--In the euro area, although economic activity has weakened, growth prospects remain favourable. Tax cuts, as well as structural reforms aimed at further increasing employment, should continue to support sustainable non-inflationary growth. The steady implementation of economic reforms will contribute, to further raising the potential for growth.
--In Japan, economic activity has further weakened, and prices continue to decline. Against this background, monetary policy should keep providing ample liquidity. Vigorous implementation of financial and corporate sector reforms is needed to lay the foundation for stronger economic growth over the medium term. We welcome the recently announced reform initiatives, which will contribute to this end.
3. Emerging market economies are unevenly affected by global economic developments. Growth rates in some countries have slowed towards a more sustainable rate, while in others they have decelerated sharply. We welcome the progress achieved in many countries in increasing their resilience against potential crises and the steps taken over the last year to strengthen the international financial system to better prevent crises. However, recent developments in emerging markets point to the need for further progress in reinforcing domestic financial systems and the underlying fiscal positions. Recent measures taken in Argentina and Turkey represent positive steps in this direction. We commend these efforts and encourage the continued implementation of their reform programs in close collaboration with the IMF and other relevant international financial institutions.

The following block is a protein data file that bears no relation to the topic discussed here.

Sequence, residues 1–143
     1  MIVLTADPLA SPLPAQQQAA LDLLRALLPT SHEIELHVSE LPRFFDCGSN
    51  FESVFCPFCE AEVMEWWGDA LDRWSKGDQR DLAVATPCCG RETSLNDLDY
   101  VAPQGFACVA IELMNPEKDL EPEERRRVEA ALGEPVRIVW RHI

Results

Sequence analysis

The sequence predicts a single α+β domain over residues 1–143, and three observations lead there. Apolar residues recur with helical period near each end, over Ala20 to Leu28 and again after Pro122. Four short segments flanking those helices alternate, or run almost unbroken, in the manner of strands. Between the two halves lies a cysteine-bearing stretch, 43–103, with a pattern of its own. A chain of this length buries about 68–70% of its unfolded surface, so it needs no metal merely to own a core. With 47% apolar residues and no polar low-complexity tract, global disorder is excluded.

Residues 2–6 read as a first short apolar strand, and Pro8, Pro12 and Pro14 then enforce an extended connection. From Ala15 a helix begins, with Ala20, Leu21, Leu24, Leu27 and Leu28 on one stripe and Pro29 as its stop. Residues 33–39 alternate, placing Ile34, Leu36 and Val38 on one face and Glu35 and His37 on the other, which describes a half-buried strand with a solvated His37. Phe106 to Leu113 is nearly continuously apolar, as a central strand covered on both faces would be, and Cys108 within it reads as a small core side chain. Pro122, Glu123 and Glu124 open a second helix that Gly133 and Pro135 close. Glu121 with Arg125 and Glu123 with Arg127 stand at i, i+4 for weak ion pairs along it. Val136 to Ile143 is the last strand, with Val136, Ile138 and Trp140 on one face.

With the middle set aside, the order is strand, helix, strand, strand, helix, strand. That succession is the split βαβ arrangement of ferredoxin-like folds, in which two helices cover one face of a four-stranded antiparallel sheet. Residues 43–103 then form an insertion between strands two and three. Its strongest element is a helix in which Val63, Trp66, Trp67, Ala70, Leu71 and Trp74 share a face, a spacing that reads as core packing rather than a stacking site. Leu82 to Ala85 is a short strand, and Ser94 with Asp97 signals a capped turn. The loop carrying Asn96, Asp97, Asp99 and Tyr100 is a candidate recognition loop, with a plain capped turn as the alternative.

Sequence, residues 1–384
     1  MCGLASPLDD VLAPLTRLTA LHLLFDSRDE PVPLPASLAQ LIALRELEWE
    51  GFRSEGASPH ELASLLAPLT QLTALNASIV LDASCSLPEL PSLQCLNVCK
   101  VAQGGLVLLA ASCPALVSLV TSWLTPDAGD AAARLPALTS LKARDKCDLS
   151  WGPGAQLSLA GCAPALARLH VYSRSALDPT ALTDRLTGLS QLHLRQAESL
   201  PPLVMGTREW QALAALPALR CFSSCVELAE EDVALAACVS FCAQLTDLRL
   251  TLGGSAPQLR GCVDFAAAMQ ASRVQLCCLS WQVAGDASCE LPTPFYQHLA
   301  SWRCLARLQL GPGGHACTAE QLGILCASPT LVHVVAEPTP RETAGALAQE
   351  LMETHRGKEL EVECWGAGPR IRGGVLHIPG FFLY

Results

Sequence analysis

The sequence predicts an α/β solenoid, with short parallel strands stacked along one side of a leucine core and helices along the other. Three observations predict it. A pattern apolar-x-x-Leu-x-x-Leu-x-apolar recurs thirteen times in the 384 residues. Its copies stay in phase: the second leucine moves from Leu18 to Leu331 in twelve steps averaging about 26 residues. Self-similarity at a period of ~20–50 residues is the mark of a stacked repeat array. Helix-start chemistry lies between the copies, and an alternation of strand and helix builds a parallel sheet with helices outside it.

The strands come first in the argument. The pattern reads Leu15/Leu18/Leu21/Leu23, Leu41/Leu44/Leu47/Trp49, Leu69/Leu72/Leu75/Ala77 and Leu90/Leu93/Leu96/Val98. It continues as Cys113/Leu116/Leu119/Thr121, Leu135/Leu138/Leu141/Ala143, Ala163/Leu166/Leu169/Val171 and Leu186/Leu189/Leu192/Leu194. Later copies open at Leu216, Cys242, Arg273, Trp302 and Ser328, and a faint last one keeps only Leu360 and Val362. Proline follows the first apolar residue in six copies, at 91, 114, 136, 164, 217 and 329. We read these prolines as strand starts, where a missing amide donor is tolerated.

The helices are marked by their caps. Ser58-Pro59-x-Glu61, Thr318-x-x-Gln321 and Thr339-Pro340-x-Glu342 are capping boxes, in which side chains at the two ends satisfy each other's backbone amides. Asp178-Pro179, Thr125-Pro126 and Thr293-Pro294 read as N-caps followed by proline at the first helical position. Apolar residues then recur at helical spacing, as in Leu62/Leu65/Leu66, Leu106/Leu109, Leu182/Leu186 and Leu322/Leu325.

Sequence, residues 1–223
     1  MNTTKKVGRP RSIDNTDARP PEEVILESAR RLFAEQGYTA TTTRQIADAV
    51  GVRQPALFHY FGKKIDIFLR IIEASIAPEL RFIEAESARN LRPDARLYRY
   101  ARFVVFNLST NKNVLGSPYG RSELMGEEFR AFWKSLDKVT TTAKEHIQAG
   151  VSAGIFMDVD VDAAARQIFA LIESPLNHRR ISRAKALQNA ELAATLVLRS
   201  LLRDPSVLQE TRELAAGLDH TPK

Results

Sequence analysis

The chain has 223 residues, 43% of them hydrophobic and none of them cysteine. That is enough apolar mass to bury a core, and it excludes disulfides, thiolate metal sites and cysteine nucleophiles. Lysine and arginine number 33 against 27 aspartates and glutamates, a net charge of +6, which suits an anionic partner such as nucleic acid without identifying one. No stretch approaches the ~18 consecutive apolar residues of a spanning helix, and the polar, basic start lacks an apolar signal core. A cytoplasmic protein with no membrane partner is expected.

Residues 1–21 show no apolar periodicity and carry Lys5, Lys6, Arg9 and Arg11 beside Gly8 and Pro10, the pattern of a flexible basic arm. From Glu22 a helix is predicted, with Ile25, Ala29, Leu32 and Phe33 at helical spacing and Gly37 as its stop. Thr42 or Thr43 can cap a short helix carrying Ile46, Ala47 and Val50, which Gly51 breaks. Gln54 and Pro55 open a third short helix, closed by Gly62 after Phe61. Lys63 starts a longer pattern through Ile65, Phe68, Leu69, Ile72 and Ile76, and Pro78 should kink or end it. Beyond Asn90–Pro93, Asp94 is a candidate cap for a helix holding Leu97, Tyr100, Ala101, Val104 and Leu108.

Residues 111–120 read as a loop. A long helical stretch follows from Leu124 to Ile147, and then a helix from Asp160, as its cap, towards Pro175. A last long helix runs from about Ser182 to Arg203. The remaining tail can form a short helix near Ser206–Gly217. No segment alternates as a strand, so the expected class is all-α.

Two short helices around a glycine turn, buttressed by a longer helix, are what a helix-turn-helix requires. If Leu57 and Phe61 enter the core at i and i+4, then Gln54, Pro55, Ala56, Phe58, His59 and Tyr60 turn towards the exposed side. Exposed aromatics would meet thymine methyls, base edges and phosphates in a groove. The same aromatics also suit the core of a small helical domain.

4. High and volatile oil prices are a concern for the world economy, in particular for the most vulnerable developing countries. Increased and diversified energy supplies, improved energy efficiency, expanded infrastructure and stable oil markets are important objectives. Oil producing and oil consuming countries should remain in close contact.
5. In addition to the policies we are pursuing in our own economies, we agreed today that co-operation on three further elements is important to a strengthened global economy:
--The launch of a new trade Round.
--Action to enhance the stability and integrity of the international financial system.
--Actions to ensure that the poorest countries are not left behind, including the implementation of the Heavily Indebted Poor Countries (1-IIPC) Initiative.
Launching a New Trade Round